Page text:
After three months, the staff let him move into the Forge dorms (a donated church building down the road from the shelter). Phase one was education. Fields began taking classes eight hours a day, covering topics from Bible study to health to legal living. The next phase focused on work readiness, and the staff connected him with MSW Restaurant Furnishings, a local employer willing to hire him. After that, the transition phase brought freedoms and responsibilities: Fields moved out of the dorms into a house with two classmates a mile and a half from the Forge dorms, but he must pay rent while managing a limited allowance.
The final phase is independence: He will use the money he’s saved to move into his own place (he’s hoping to find a two-bedroom place so his son can come stay sometimes). He will be responsible to pay all bills, keep track of his money, and meet with a mentor each week for accountability. To graduate, he must have his own home, a full-time job, and medical insurance with no government assistance.
Jamie Myers said the program’s graduation rate is around 5 percent (not bad for an intensive program like Forge). “I remember once … there were six guys who came to phase one. Not one of them graduated a year later,” she said. “There are a lot of guys who, 45 days sober, 45 days clean, they think, ‘Hey, I got this.’ Usually they end up back at the Garden, high, drunk, whatever, because nothing changed.” She tapped her chest. “If there’s not change here, you’re not going to change your thoughts and your behavior. And so I tell guys, ‘There’s a whole lot of Jesus in this program. So if He’s not your thing, this is probably not where you want to land.’”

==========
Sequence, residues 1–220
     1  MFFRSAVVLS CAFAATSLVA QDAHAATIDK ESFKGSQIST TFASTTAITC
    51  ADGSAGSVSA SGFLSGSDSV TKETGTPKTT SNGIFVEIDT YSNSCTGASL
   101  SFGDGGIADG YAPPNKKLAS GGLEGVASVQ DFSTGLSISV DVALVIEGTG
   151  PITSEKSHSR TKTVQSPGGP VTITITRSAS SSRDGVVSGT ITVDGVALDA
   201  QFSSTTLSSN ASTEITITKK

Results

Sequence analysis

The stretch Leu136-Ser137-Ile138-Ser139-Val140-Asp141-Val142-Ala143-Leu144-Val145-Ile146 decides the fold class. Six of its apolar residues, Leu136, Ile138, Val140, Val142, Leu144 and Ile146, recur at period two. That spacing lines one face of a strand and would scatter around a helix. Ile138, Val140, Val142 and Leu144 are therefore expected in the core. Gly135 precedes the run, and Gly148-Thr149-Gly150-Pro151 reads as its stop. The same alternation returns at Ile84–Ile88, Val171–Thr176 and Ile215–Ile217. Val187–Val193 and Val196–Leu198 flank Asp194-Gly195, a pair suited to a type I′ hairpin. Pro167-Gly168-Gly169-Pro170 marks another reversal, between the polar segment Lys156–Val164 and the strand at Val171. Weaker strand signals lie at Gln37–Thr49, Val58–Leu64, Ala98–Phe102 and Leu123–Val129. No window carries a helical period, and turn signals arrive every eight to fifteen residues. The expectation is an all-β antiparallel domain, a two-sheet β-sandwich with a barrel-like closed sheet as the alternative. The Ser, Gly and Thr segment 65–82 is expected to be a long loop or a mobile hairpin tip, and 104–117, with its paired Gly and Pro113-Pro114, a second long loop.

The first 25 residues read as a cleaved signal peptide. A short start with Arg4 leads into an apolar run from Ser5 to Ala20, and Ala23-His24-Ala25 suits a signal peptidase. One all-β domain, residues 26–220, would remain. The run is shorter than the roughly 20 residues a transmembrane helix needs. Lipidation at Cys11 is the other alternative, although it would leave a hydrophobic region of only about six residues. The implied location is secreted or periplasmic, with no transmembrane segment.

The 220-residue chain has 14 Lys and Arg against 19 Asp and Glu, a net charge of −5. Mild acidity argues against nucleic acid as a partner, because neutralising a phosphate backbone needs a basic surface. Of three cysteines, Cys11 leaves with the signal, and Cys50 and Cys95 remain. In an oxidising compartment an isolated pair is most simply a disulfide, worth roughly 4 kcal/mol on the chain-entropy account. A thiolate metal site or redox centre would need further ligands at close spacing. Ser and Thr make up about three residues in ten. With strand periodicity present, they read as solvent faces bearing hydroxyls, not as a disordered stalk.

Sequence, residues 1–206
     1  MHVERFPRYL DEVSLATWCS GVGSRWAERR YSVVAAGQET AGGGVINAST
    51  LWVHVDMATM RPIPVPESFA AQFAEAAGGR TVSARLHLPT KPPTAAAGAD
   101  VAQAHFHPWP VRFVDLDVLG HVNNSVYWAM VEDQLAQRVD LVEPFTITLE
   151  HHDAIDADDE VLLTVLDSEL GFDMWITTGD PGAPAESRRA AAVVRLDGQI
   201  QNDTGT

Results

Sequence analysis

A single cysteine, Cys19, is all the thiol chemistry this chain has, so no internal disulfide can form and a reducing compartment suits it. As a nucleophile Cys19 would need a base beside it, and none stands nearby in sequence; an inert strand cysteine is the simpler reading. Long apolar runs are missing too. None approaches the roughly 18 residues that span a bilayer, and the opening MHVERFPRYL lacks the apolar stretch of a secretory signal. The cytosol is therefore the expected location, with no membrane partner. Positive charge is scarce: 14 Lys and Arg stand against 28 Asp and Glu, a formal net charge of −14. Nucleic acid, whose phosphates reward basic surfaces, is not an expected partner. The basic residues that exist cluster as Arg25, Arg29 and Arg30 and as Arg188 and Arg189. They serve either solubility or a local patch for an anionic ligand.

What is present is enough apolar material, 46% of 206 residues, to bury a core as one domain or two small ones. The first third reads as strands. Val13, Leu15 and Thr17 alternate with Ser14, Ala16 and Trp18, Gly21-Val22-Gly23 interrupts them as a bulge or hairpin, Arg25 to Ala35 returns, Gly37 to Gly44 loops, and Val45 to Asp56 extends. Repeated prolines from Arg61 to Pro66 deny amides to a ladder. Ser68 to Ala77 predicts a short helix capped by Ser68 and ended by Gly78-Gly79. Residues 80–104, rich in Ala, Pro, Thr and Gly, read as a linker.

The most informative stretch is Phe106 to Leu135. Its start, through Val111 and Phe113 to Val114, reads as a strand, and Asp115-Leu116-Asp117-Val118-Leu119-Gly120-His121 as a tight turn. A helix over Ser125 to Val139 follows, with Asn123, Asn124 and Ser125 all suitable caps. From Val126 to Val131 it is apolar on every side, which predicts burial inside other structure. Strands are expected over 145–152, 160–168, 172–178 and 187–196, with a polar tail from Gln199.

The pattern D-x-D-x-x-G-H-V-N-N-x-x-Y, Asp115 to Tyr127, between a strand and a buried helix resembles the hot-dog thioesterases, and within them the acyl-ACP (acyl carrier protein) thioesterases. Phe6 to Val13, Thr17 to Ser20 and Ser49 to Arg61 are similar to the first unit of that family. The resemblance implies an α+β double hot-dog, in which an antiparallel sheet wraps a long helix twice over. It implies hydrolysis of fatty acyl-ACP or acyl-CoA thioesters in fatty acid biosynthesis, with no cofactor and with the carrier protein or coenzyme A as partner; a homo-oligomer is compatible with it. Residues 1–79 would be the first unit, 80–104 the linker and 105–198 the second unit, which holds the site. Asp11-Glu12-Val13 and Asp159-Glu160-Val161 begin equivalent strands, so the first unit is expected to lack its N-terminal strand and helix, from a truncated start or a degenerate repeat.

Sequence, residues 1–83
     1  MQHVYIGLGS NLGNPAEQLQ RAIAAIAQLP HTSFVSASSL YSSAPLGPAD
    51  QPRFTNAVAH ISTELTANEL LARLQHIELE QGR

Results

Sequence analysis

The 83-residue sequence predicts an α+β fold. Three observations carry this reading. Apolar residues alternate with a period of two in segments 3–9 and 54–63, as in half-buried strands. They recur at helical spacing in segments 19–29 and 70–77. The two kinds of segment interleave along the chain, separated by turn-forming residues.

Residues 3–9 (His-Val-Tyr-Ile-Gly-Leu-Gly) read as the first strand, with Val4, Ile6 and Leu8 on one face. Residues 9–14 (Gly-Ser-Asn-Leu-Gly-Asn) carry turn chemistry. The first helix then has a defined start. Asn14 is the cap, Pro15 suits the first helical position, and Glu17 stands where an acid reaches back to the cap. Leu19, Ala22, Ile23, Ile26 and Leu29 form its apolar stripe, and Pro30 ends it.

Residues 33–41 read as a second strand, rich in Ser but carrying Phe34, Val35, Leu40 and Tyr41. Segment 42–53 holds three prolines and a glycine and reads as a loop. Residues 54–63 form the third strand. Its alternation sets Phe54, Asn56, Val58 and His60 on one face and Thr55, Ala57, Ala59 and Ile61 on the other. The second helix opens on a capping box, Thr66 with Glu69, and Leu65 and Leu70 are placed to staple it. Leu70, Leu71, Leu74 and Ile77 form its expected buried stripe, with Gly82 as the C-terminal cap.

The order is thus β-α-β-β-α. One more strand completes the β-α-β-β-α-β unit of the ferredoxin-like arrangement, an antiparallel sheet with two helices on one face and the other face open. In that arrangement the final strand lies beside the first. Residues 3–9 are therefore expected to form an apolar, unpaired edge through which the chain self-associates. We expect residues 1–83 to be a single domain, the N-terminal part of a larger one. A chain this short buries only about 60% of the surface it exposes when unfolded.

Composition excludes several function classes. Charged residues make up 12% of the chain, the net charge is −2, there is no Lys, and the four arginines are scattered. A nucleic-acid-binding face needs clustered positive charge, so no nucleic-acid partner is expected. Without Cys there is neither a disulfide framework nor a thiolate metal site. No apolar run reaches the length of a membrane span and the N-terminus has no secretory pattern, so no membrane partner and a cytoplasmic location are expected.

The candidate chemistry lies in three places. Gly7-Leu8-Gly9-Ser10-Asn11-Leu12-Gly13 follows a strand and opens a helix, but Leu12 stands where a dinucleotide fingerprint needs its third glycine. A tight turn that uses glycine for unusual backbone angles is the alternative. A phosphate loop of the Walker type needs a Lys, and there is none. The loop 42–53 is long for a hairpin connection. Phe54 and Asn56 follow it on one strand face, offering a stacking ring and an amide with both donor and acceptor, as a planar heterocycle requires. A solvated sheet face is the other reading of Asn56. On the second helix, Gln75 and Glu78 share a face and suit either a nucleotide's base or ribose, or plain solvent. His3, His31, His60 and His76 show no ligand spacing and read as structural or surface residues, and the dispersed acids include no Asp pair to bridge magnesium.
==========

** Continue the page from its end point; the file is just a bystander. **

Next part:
ONE MONDAY MORNING in April, 35 staff members and volunteers gathered in a long room in the Outreach Center for daily devotions. They sipped coffee from plastic foam cups and followed along from Bibles set on the small square tables. After the lesson, all bowed their heads and individuals took turns praying. One man prayed for a Forge student: “I don’t know what’s going on with Jay or the things he’s going through, but I’ve been down a similar path, Lord. I just ask that you’d be with him. Fill his heart with love, Lord, and show him there are people who care for him, and the road he’s going down is not a good one.”